Today, Ash Wednesday, is all about Lent, including questions like: What is Lent? Why do some people give things up for Lent? Why ashes? Why do we call it “forty days” when it’s actually 46 days? Why do the dates for Lent and Easter always move around? Those answers and more, coming up:

Friends in Christ, today with the whole church we enter the time of remembering Jesus’ passover from death to life, and our life in Christ is renewed.

We begin this holy season by acknowledging our need for repentance and for God’s mercy. We are created to experience joy in communion with God, to love one another, and to live in harmony with creation. But our sinful rebellion separates us from God, our neighbors, and creation, so that we do not enjoy the life our creator intended.

As disciples of Jesus, we are called to a discipline that contends against evil and resists whatever leads us away from love of God and neighbor. I invite you, therefore, to the discipline of Lent—self-examination and repentance, prayer and fasting, sacrificial giving and works of love—strengthened by the gifts of word and sacrament. Let us continue our journey through these forty days to the great Three Days of Jesus’ death and resurrection.

These are the words that mark the beginning of Lent, the season of the church calendar that stretches from Ash Wednesday until Easter. The word “Lent” comes from an old German word, “Lenz,” which means Spring. During these forty days, it is traditional for Christians to make an effort to more faithfully live as disciples of Jesus Christ. In many denominations, this has taken the form of doing right by God (praying and repentance), doing right by one’s neighbors (special giving and acts of service), and doing right by one’s self (self-reflection and giving up whatever distracts from discipleship).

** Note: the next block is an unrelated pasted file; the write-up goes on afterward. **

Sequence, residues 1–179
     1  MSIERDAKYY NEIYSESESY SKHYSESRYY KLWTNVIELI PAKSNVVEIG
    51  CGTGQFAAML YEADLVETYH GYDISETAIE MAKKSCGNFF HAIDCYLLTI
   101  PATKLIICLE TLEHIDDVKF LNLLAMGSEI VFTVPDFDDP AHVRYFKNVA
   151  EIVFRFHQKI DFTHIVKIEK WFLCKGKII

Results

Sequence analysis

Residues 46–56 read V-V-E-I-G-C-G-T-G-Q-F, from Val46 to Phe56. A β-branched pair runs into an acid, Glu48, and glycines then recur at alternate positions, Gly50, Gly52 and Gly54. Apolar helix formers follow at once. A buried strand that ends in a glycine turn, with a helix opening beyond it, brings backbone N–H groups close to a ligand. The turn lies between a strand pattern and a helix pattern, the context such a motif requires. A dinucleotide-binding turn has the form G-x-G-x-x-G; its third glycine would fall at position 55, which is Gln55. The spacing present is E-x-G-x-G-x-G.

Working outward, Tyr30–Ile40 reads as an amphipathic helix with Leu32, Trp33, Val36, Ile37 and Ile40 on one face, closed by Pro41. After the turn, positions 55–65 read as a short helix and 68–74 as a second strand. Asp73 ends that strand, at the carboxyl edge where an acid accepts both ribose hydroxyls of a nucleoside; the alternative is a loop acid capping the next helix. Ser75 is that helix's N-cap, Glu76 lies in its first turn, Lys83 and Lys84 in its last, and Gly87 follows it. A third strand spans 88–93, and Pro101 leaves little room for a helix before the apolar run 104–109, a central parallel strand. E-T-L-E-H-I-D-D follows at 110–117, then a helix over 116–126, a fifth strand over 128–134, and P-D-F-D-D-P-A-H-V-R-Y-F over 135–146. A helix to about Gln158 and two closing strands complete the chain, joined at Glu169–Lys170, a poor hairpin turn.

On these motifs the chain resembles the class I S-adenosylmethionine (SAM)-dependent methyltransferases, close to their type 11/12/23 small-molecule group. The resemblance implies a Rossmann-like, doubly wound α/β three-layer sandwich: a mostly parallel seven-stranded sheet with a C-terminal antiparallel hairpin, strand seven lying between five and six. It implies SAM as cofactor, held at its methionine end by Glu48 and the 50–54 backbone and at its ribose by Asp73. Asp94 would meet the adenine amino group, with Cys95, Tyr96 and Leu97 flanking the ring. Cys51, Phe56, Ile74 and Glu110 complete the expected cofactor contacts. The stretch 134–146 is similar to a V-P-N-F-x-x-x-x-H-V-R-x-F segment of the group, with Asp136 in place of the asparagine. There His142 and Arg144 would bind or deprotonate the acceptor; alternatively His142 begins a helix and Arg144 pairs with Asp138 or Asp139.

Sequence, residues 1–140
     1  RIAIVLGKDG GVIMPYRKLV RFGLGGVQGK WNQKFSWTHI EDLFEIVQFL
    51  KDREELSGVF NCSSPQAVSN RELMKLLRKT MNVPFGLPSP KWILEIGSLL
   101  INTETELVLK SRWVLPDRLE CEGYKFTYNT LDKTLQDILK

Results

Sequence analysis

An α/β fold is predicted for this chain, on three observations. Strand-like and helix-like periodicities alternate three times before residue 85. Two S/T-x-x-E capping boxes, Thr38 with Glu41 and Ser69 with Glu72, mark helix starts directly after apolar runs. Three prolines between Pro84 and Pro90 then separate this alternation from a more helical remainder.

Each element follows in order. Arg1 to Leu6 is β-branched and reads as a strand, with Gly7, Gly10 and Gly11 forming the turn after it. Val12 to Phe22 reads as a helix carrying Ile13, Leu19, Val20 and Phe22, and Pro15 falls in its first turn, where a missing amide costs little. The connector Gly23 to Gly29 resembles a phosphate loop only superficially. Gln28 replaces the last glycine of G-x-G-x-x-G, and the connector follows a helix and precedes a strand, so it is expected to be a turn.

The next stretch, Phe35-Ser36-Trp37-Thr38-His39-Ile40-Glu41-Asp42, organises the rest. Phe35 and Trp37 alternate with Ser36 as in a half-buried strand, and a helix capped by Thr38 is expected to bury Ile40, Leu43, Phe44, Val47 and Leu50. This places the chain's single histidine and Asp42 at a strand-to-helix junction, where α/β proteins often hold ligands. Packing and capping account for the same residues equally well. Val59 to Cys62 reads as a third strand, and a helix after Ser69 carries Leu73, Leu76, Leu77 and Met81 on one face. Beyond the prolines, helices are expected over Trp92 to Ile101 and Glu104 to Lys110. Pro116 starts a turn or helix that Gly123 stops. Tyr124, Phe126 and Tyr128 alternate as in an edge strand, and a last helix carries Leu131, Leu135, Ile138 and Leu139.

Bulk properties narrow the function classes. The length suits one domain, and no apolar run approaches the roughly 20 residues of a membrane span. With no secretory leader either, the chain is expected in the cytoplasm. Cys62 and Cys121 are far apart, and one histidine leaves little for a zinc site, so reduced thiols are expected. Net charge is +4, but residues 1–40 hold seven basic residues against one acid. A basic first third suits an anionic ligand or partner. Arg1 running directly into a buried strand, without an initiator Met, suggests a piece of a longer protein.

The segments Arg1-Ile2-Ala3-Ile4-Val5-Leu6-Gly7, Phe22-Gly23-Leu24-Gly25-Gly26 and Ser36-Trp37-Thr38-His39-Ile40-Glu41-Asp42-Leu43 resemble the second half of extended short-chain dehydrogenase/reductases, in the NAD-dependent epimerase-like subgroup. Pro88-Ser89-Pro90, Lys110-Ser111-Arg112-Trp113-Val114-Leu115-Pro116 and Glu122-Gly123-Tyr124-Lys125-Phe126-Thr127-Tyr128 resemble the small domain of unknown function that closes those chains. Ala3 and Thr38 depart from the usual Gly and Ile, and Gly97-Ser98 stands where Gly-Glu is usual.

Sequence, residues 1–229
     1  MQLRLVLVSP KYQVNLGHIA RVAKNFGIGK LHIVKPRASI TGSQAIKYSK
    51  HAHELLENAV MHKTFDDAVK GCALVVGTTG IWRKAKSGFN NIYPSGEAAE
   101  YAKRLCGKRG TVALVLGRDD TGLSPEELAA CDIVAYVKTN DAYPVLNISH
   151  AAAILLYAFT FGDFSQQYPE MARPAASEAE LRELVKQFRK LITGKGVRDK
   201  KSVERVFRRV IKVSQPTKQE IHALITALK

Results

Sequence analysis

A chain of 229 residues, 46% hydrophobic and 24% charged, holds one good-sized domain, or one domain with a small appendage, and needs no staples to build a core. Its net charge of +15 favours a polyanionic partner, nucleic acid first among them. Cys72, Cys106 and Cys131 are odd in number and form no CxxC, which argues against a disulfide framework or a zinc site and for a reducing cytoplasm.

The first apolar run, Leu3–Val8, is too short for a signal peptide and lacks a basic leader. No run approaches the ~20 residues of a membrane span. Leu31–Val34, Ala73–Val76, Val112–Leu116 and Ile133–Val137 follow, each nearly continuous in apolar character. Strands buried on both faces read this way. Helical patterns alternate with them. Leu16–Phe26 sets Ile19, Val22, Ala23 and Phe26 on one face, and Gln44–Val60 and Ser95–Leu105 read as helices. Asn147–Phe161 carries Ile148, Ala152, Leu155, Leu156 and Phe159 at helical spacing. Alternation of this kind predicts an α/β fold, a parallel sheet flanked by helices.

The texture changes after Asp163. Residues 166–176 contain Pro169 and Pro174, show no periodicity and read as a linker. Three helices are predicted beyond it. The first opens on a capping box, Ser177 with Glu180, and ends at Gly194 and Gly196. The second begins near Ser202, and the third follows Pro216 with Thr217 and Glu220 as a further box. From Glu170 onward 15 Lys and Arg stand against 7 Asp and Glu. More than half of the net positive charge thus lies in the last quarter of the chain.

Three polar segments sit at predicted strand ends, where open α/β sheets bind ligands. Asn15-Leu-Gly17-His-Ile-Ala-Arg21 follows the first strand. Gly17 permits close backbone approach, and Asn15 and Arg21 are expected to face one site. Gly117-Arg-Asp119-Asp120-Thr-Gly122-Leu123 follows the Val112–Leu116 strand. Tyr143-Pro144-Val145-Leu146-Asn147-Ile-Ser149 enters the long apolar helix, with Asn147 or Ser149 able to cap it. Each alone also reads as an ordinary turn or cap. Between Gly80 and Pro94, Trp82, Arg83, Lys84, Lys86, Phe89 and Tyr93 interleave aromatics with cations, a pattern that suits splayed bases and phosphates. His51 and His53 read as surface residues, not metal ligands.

But why give things up? The tradition of giving something up, or fasting, comes from Biblical stories of God’s people who took deliberate time for prayer or reflection, even as they refrained from eating or drinking during that time. Fasting is not, however, a diet plan or a suggestion that some foods are sinful. Over time, people have come to understand the practice of fasting as an opportunity to notice what they’re consuming that distracts them from God. I’ve heard of people giving up everything from sugar to swearing to social media to single-use plastics for Lent. Only you can decide if there is something in your life that is keeping you from a closer relationship with God.

Now, you may have heard that if you give something up for Lent, Sundays “don’t count” as Lent. This is sort of accurate– and it gets to the question about 40 vs 46 days. In the medieval church, when the liturgical calendar really started to get established more firmly, the rules for Lent were very strict: no eating from dawn to dusk, no eating meat at all, no sex, no drinking alcohol. Recognizing that these were extreme demands, the church offered a respite on each Sunday, on the grounds that Christian worship always celebrates the Resurrection, even during Lent. This is why the upcoming Sundays are officially in Lent, not of Lent. Also, major festivals like saint days override Lent–which is part of why St. Patrick’s Day, which is always during Lent, is such a big celebration– because the rules about fasting don’t apply on major festivals!

But speaking of holidays sometimes or always happening during Lent, this season moves around. It’s not like Christmas, which is always on December 25. Easter, however, moves. This is because Easter is intended to happen according to the same schedule as Passover– and the Jewish calendar is a lunar calendar, meaning it’s based on the cycles of the moon. Passover happens on the first Friday after the first full moon after the Spring Equinox, with Easter then falling on the first Sunday after the first full moon after the Spring Equinox. That means that Easter can happen any time from March 22 to April 25, and Ash Wednesday ends up on the calendar 46 days earlier.

And, finally, why “Ash” Wednesday at all? In the Hebrew Scriptures, it was common for those who were mourning or repenting to mark themselves with ashes, as a sign of their sorrow. Ash Wednesday begins with Christians being marked with ashes, as a sign of repentance and mortality, in the shape of a cross, as a sign of forgiveness and resurrection. In the practice of receiving ashes, repentance and forgiveness, death and resurrection are held together. We know that we are sinners who will die, and that we are saints who will live forever with God.